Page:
chances of getting its Mamst-Le- 
ninis t bananas into the innocent 
North American stomach via the 
oatmeal could be eliminated. 

This is the assumption behind 
the multibiUion-dollar “Banana 
Wars” project It would provide 
every U.S. citizen with the tele- 
phone wherewithal to call three 
other dozens immediately upon 
rising and caution them to make 
sure their bananas are not Red Nic- 
araguan bananas before slicing 
them onto the cereal. 


On the Central American front 
the DA would be authorized to 
slip thousands of heavily equipped 
guerrilla telephone installers (the 
“phontras") into the Nicaraguan 
countryside to install telephones in 
the huts of all who are willing to use 
them to dial Washington and call 
for an end to big government ex- 
cept at the Pentagon. 

Interested sources say Nicara- 
guans refusing to let the “phon- 
tras” install phones definitely will 
uot be shot provided they have a 
reasonable excuse, such as having 
teen-agers who would drive them 
crazy if there was a phone in the 
hut 


Ate* York Tima Serrtce 


Pioneers of Jet-Age Aircraft Design 


By Michael Keman 

Washington Post Service 

W ashington — E ven be- 
fore Pearl Harbor, the skies 
around San Diego were always 
full of planes. They were prop 
planes, and they made a lot of 
noise. You could tell the different 
roars, and after a while you didn't 
bother to look up. 

But there was one we kids all 
watched for. It was sleek and 
gHm, with twin fuselages like a 
catamaran, and it whipped past 
you without a sound, so smooth 
and fast you weren't quite sure if 
you’d really seen it. The roar 
came after. Even the roar was 
smooth. 

That was the P-38. The elegant 
Lightning was perhaps the only 
plane the American public loved 
just for the look of iL 
Its designer was Clarence L. 
(Kelly) Johnson, who was in 
Washington recently for the 
opening of an exhibit, “Designers 
for the Jet Age,” at the Air and 
Space Museum. So was another 
legendary aircraft designer, Ed- 
ward H. Hememann, who de- 
signed the first plane to fly at 
Mach 2, twee the speed of sound. 

“The P-38 bad only one seat,” 
Johnson said, “so when I went on 
the test flight I had to sit piggy- 
back on the piloL Five horns al 

25,000 feet Its problem was its 



TluVIWivtantat 


Edward H. Heinemann, left, with Clarence L. (Kelly) Johnson. 


it is to say, when the plane 
went into a vertical dive ap- 
proaching the speed of sound it 
tried to curl under and its tail 
vibrated dangerously. Johnson 
redesigned the wing, and the P-38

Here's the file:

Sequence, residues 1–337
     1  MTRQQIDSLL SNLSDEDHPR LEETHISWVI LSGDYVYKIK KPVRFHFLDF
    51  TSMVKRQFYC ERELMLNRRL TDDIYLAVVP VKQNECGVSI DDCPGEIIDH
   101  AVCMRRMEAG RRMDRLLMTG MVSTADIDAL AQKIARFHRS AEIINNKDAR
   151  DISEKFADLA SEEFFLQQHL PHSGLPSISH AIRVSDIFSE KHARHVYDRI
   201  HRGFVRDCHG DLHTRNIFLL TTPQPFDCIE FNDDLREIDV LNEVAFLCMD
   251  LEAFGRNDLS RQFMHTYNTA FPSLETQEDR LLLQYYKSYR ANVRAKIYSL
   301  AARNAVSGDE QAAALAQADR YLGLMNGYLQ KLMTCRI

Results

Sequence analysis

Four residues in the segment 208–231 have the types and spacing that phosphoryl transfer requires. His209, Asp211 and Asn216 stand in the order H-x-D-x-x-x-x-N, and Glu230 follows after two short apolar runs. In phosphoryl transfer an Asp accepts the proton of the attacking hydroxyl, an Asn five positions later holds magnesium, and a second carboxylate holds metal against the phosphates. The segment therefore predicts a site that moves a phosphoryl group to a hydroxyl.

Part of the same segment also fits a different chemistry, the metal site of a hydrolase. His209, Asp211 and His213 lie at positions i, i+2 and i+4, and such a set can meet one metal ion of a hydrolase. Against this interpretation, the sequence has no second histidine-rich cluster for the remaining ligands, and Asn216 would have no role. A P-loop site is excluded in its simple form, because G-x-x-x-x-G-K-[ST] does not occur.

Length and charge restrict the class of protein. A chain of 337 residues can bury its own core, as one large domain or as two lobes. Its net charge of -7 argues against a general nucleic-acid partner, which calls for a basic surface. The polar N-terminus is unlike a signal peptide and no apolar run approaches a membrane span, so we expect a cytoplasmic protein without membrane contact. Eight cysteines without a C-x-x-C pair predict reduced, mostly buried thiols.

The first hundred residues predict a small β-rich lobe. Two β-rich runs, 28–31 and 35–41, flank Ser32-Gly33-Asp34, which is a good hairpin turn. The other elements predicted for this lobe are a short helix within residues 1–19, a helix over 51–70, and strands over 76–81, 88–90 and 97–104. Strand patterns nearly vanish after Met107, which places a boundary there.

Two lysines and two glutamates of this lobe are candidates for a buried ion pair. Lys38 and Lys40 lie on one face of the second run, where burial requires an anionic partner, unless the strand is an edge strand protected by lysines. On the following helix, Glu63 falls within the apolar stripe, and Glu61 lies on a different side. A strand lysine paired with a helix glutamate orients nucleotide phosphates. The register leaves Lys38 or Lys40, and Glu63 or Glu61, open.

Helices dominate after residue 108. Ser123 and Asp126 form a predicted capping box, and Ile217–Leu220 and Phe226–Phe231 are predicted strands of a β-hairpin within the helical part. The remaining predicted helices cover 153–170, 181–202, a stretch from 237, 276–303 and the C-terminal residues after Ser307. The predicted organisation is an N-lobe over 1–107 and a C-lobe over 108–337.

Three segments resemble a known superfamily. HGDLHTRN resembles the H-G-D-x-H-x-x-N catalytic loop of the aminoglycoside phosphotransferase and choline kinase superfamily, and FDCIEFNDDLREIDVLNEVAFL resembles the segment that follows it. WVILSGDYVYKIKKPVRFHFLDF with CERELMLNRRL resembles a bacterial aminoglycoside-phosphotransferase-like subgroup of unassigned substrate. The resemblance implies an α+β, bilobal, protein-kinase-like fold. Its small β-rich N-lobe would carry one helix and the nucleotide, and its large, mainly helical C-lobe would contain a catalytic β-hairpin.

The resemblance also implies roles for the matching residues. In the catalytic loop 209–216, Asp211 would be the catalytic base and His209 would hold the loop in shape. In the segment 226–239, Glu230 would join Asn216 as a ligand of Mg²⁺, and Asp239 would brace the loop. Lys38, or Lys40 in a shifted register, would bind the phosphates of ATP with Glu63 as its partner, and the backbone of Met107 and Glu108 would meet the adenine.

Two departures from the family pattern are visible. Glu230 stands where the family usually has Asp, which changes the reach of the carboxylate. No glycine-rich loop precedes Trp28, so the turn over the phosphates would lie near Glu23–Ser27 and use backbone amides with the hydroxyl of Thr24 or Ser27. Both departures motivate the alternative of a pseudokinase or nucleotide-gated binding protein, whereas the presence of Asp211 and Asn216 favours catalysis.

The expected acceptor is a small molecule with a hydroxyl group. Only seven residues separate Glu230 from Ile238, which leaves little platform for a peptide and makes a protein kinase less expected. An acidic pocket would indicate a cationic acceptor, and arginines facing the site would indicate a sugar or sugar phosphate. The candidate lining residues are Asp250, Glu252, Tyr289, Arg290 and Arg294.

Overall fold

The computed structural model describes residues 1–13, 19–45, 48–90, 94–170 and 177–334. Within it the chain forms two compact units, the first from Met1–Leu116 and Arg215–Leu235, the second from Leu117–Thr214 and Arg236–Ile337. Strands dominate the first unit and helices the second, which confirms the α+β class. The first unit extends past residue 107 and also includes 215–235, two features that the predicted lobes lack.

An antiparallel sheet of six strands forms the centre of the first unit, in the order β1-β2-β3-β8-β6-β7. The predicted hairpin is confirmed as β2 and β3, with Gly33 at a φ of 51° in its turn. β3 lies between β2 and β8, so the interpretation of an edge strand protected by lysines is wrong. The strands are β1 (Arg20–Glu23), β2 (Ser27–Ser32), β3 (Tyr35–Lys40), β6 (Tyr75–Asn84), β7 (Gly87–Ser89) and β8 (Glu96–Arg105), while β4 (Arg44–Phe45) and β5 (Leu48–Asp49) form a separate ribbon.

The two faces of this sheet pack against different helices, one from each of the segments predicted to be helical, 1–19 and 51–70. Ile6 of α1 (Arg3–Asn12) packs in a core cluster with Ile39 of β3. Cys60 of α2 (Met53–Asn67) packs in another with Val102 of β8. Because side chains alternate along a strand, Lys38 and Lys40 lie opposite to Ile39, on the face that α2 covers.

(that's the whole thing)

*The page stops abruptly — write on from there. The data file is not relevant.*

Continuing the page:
became a vital long-range fighter- 
escort in the Pacific theater of 
World War a 

Fighter pilots liked it despite a 
certain reputation as a jinx, be- 
cause it could peel off equally 
well to right or left, a rare quality 
in those days, when spinning pro- 
pellers created a constant torque 
or twist to one side or the other. 
The P-38's twin props turned in 

r osite directions, neutralizing 
torque. It was the first plane 
to do this, Johnson said, since the 
Wright brothers* craft. 

Johnson. 75, began drawing 
planes as a kid, and decided at 
ago 12 that he would design real 
ones. He worked 50 years for 
Lockheed Corp.. starting as a tool 
designer in 1933, and helped de- 
velop more than 50 planes, from 
the F-104 Starfighter (the first 


operational jet to achieve Mach 
2) to the U-2 spy plane. 

In 1943, working against rime 
and in deep secrecy, Kelly John- 
son (the nickname came from his 
green neckties) designed and 
built the first American jet fight- 
er, the F-80 Shooting Star, using a 
British engine. He bad only blue- 
prints of the revolutionary de Ha- 
villand engine, and the hardwa re 
itself arrived only seven days be- 
fore the airframe was completed. 
The engine cracked on the first 
test flight, so a new one had to be 
flown in from England. This time 
the engineers and executives 
watching saw what a jet could da 

As the Lockheed account has 
it, the test pilot, Mflo Bantam, 
“made one low pass across the 
field and went whistling up out of 
sight. Then the show begin. Ac- 
customed to the controls, Bur- 
chain came down from high alti- 
tude so fast that no one knew he 
was coming until he passed over- 
head and the roar hit the crowd.” 

One of Johnson's favorites was 
the SR-71 Blackbird, a 1960s re- 
connaissance aircraft that Hew 
faster than a bullet, at Mach 3 
(Washington to Los Angeles in 
about an hour). Everything in the 
Blackbird had to be pioneered — 
the titanium forgings that would 
bold at 800 degrees, the hydrau- 
lics and fuel systems, the escape 
system that had to work at 

100,000 feet (30,000 meters). 


Today Johnson is senior advis- 
er to the “Skunk Works,” Lock- 
heed's advanced projects depart- 
ment, where “if I can talk about 
it, it's obsolete.” 

Johnson said he appreciated 
the time saved by computers, es- 
pecially in cOmmating much of 
the trial and error in design de- 
tails. But be still has his slide ruk. 


H einemann, 77, like JohnSOfl a